So we were pleased that Jaren Rivas, bar manager of Tipo in Portland, was not only good-humored but genuinely up for our challenge: create a tasty cocktail, something we’d actually want to drink with each of these spirits – even if we were no longer chugging at a frat party or mixing it with milk. If he preferred, we said, he could make one drink using both spirits. There was a pause at the other end of the phone when we suggested that, followed by a quiet. “That’s a stretch.”

He developed two drinks.

“I like to take spirits that people don’t take so seriously, and it’s almost a challenge for me to use them legitimately, so that discerning cocktail enthusiasts could approach them as they would any serious cocktail,” said Rivas, who moved to Portland from South Beach. “They are guilty pleasure sort of spirits anyway.”

(Wait. So he knew of Allen’s Coffee Flavored Brandy before he got here? “Only because of my girlfriend. She was up here first and she sent me a bottle of it in the mail. ‘The champagne of Maine,’ she said.”)

Allen’s turned out to be the more difficult challenge because it is low alcohol and “essentially sugar and coffee flavor.” His first idea was to make something based on the tiki drink the Jungle Bird. “I completely scrapped it and did something else at the end. It just didn’t work. It did NOT work. If flavors get too muddy or too one-note, you just start over.”

Ultimately, Rivas added herbacious flavors to cut the sugary quality of the brandy, and molasses flavors to underline its coffee notes. His Woo Carré, he said, is “definitely a winter warmer.”

The Fireball presented its own obstacles, namely “a sort of processed flavor” and an “almost candy-like cinnamon spice….To bring that out or to mute it to where it can complement other items, you have to be very careful with your sweetness and your citrus,” Rivas said. “It’s a delicate balance to try to rein it in.”

He tried out his newly developed Allen’s and Fireball cocktails on co-workers, and he managed to fool a few of them, too. Plus, he had a lot of fun creating the drinks. Still, he won’t be adding them to Tipo’s bar program anytime soon (or possibly ever). “These spirits,” he said, “have a time and a place.”

Wheeler’s Spiced Punch, made with Fireball Cinnamon Whiskey.


Jaren Rivas, bar manager at Tipo, named the drink for a character from “Captain Planet and the Planeteers,” a 1990s animated environmentalist television show. In the show, Wheeler is a red-headed American kid who represents fire.

1.25 oz Fireball Cinnamon Whisky

.5 oz Calvados

.75 oz cherry/longpepper cordial

.75 oz lemon juice

2 dashes cranberry bitters

2 dashes Boker’s bitters

Amarena cherry

Pour all but the cherry in a mixing tin or shaker mixing glass with ice. Shake and double-strain into a coupe with a splash of soda water. Garnish with the Amarena cherry.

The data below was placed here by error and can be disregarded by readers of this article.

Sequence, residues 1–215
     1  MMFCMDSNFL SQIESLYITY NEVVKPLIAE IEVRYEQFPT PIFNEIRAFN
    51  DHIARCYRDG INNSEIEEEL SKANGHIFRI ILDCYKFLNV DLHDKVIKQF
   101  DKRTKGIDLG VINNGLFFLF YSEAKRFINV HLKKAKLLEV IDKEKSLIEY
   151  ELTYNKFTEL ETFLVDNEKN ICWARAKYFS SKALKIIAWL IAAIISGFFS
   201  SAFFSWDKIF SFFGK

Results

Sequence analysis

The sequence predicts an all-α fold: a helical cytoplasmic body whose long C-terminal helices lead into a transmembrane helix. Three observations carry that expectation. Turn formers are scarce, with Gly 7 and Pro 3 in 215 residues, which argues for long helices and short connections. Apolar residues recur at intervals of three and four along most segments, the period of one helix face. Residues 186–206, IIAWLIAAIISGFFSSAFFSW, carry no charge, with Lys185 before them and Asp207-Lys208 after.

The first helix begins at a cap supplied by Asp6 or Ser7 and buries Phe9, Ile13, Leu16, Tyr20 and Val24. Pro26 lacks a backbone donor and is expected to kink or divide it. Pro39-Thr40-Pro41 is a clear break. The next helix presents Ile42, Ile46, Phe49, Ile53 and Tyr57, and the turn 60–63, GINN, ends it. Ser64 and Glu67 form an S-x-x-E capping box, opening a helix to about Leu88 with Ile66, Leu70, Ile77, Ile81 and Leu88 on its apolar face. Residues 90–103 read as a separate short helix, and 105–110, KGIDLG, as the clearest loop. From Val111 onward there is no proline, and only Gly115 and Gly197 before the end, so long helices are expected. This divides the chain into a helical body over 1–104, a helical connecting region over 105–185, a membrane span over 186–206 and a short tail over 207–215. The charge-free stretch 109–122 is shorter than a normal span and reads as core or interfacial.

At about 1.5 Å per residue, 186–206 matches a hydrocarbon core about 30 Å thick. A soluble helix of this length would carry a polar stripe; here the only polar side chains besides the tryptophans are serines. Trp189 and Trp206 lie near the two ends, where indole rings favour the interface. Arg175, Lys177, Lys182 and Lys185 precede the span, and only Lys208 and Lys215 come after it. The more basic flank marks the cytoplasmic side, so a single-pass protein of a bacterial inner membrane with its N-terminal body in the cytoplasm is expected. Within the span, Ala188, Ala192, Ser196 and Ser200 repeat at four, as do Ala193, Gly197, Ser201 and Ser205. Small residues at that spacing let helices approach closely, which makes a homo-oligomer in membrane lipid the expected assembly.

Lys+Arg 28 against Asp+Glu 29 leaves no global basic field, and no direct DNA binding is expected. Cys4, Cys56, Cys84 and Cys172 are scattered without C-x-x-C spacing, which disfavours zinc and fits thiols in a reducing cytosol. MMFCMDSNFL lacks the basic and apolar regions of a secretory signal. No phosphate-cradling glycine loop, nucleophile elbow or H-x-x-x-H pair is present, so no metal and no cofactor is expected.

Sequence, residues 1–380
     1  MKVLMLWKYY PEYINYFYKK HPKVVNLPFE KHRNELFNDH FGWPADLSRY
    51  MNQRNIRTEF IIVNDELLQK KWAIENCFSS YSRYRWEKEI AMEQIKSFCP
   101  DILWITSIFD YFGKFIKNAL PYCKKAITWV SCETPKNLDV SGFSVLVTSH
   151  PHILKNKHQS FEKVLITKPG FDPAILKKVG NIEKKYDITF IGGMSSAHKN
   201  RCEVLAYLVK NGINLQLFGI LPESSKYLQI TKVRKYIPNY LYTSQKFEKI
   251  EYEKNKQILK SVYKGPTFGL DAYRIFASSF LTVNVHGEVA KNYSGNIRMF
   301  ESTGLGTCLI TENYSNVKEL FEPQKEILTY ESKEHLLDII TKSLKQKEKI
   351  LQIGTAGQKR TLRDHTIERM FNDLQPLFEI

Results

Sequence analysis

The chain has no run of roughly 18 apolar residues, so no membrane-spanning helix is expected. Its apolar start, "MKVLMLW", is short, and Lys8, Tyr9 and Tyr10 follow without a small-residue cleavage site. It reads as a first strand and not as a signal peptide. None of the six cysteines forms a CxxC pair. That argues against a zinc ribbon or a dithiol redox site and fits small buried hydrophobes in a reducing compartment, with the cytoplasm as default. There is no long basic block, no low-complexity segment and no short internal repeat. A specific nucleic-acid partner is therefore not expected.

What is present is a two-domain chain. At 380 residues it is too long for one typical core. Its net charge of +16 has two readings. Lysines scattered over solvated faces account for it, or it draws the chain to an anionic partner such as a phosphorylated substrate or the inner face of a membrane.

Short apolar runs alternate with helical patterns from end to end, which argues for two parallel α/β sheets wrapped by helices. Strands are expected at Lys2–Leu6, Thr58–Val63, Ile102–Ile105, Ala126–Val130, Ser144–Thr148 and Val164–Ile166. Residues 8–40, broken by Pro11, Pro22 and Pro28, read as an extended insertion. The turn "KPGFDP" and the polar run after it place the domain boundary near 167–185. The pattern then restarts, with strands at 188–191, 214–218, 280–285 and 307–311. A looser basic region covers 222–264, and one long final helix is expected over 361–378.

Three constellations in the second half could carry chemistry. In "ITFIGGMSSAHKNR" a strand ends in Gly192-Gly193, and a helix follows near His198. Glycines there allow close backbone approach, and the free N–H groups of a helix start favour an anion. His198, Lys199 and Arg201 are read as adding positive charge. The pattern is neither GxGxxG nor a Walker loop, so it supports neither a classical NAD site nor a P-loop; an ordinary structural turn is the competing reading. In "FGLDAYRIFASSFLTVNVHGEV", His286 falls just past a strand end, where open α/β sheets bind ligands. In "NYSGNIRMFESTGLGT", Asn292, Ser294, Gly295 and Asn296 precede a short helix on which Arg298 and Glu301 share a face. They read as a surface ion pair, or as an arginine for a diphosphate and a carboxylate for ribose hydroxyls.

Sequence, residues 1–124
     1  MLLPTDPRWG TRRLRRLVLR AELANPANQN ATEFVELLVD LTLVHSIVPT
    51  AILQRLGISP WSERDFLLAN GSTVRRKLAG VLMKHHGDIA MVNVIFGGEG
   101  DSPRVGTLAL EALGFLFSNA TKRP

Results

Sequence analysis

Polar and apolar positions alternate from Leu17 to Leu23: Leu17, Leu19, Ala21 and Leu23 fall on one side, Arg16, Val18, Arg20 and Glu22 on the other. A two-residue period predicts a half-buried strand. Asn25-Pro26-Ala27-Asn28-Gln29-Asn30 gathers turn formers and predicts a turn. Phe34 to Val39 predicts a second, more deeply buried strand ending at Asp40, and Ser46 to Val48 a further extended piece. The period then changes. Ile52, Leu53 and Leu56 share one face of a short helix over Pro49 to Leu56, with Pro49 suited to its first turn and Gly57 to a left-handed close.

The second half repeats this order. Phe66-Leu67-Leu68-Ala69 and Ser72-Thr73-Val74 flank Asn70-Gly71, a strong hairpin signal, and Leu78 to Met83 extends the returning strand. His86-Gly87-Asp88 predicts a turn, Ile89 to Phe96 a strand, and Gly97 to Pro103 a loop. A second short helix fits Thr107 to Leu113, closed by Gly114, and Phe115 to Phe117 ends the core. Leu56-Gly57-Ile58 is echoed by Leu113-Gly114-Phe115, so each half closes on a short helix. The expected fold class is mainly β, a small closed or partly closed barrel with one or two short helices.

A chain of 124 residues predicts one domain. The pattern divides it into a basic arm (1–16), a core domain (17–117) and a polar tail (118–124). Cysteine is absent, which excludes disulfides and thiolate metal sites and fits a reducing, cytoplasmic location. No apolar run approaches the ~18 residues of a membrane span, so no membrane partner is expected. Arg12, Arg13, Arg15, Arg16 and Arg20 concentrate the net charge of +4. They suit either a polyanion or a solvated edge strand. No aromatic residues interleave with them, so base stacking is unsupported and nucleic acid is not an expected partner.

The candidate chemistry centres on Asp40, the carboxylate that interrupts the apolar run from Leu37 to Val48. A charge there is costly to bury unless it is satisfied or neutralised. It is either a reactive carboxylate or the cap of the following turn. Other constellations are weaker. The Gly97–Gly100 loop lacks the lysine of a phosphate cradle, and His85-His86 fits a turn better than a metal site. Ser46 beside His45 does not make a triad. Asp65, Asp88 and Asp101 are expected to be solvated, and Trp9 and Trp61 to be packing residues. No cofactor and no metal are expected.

Woo Carré is a reference to “woo girls” at bars.


The Vieux Carré (French Quarter), a classic New Orleans drink, inspired Rivas’ Woo Carré. “The woo part comes from – at bars we get woo girls,” Rivas said. “They go to the bar and have a couple of drinks and they go ‘Woooo!’ ”

.75 oz Allen’s Coffee Brandy

.75 oz Mount Gay Black Barrel Rum

.75 oz Cocchi di Torino Sweet Vermouth

.25 oz Benedictine Liqueur

3 dashes Peychaud’s bitters

Lemon peel

Combine all the ingredients but the lemon peel in a mixing glass with ice. Stir and strain into a chilled, absinthe-rinsed rocks glass. Garnish with lemon peel.

]]> 0 Rivas makes what he calls a "Woo Carré" – a riff on a New Orleans specialty, the Vieux Carré – with Allen's Coffee Flavored Brandy, rum, sweet vermouth, bitters and more.Tue, 13 Feb 2018 17:49:41 +0000
New Orleans closes out Carnival with Mardi Gras festivities Wed, 14 Feb 2018 02:33:32 +0000 NEW ORLEANS — Tens of thousands of revelers thronged Mardi Gras festivities, many yelling “throw me something, Mister!” in the universal call to float riders who tossed them coveted beads and trinkets on Tuesday’s raucous finale to Carnival season in New Orleans.

The 300th anniversary of this Louisiana port city featured prominently in Fat Tuesday’s festivities as costumed tourists and locals alike packed parade routes under mostly blue skies and balmy temperatures. Merrymakers also jammed French Quarter bars and narrow streets to party with abandon.

New Orleans’ oldest parading Carnival group, Rex, celebrated the tricentennial with 21 of its 28 floats commemorating the city’s history starting with those who lived in the area before Europeans settled it in 1718 to the Battle of New Orleans in 1815. Rex and Zulu are the two major parades in New Orleans on Fat Tuesday, a state holiday. And families jam the sidewalks and camp out in the broad medians to watch with small children often perched in wooden seats atop ladders near the front.